Wednesday, February 14, 2007

hungry bloggers: some favorites

Today, my food writing colleagues in the International Association of Culinary Professionals and I will chat in a teleforum called "You Started a Blog in Five Minutes...Now What?" and find out what's on the minds of food bloggers, current and future. Here are some of my favorite food blogs and what they do to keep me -- and other readers -- hooked:

- Hal McGee's News for Curious Cooks blog takes what might seem a narrow focus -- scientific research about food -- and makes it easy to apply and understand in your own kitchen, as in this recent post about researchers salting tomatoes while they grow to enhance the flavor. Hal doesn't just report on the research, but adds his own training in science and cooking to the mix, and makes science look easy.

- Rose Levy Berenbaum's "Real Baking with Rose" not only displays knowledge, but her own mistakes -- in this post, her first-ever failed genoise -- with a sense of humor. If you know what a stickler she is for measurement and detailed directions, you can appreciate the humor in her conclusion, after failing and then trying the recipe again: "So the lesson is clear: Don't be fearful; and follow the instructions in the Cake Bible, especially if you wrote it." Berenbaum uses lots of photos in her posts, a must if your food blog demonstrates techniques, and includes a sidebar link to "book errata," using a blog effectively to correct her cookbooks.

- The 28 Cooks blogger, "vegiquarian" Christiane Britton, built her readership and community with other food bloggers by inviting them to let readers "behind the apron" by posting photos of themselves in their kitchens on their own blogs, then sending her a link. She compiled all the "behind the apron" shots here.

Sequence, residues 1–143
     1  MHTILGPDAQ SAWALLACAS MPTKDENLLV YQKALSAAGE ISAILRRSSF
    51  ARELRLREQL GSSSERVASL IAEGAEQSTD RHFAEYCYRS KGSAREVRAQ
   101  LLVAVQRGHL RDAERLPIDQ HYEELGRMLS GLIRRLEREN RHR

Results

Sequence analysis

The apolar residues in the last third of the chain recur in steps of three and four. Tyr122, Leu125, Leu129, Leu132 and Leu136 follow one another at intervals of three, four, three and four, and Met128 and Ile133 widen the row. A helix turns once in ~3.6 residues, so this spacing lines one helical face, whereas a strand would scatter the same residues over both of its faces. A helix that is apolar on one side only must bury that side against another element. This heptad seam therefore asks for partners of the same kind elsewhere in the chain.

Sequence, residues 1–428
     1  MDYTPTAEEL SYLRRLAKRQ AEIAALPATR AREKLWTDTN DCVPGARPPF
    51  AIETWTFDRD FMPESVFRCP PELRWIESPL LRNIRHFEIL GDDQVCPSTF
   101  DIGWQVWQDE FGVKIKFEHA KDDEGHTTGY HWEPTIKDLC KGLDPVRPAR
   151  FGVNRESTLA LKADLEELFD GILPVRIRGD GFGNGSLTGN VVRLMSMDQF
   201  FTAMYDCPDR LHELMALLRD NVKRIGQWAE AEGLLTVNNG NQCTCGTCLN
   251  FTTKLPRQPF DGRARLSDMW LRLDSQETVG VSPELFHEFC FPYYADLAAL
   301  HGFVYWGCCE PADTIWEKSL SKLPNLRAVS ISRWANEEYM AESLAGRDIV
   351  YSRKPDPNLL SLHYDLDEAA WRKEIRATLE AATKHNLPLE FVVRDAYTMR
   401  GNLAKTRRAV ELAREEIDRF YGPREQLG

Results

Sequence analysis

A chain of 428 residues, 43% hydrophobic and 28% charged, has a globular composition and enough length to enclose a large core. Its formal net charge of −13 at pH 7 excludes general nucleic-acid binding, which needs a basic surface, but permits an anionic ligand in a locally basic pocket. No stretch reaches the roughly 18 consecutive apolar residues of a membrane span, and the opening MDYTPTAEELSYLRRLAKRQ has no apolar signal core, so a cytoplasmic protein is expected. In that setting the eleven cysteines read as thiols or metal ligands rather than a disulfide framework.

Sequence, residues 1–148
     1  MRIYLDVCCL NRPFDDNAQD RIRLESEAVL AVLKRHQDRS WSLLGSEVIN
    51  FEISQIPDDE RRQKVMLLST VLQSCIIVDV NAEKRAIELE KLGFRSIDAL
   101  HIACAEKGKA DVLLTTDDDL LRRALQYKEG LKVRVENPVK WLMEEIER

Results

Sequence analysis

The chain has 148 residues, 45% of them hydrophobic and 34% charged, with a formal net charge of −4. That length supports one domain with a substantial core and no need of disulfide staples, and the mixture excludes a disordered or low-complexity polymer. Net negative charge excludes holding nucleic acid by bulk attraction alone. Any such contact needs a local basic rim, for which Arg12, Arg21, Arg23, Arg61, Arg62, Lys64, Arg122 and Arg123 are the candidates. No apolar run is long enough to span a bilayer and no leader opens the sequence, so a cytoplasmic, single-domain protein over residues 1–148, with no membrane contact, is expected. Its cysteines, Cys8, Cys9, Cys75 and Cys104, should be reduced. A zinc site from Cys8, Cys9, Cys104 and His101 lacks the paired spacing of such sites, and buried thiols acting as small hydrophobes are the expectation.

- Foodie Farm Girl's "Farm Girl Fare" mixes recipes with photos (one per day) and tales of farm life -- she moved from California to Missouri to tackle farm life head-on. Here, she posts about a bread recipe she now refers to as "Braindead Bread," because it's so easy to make. Her blog creates a running storyline, an essential feature many blogs miss, and gives the reader a reason to imagine returning. WellFed.net named this "best food blog - rural" for 2006 and you can find links to other winners here.

2 comments:

Alanna said...

I'm listening to your IACP call right now and want to emphasize one very important feature of blogging that isn't being covered: community.

It's also not portrayed in your own blogs - few comments, few links to/from other blogs, little/no interaction with the wide and warm and welcoming community of food bloggers from all across the world -- though it fundamental to at least three of the four blogs you link to in this post.

There's also a huge difference between blogging for 'fun' and blogging for business. Nearly all food blogs are personal blogs (even when very professional with income attached and occasionally with unintended consequences such as published cookbooks, recipe development contracts, etc.) and there is a real art to blogging for business reasons.

Many thanks for the education today.

Denise Graveline said...

Alanna, thanks for your comment. I encourage you to explore this and my food blog further, because I frequently blog about other bloggers -- I don't limit that community-building to links in the sidebar, but often like to encourage my readers to go to blogs I find exemplary. As you note so well, community-building is a big feature of personal blogs. This blog will show fewer of the food-related links and posts than "Vegetables for Breakfast" because it's not a central topic to this business. I'm glad, nonetheless, that you found the call useful.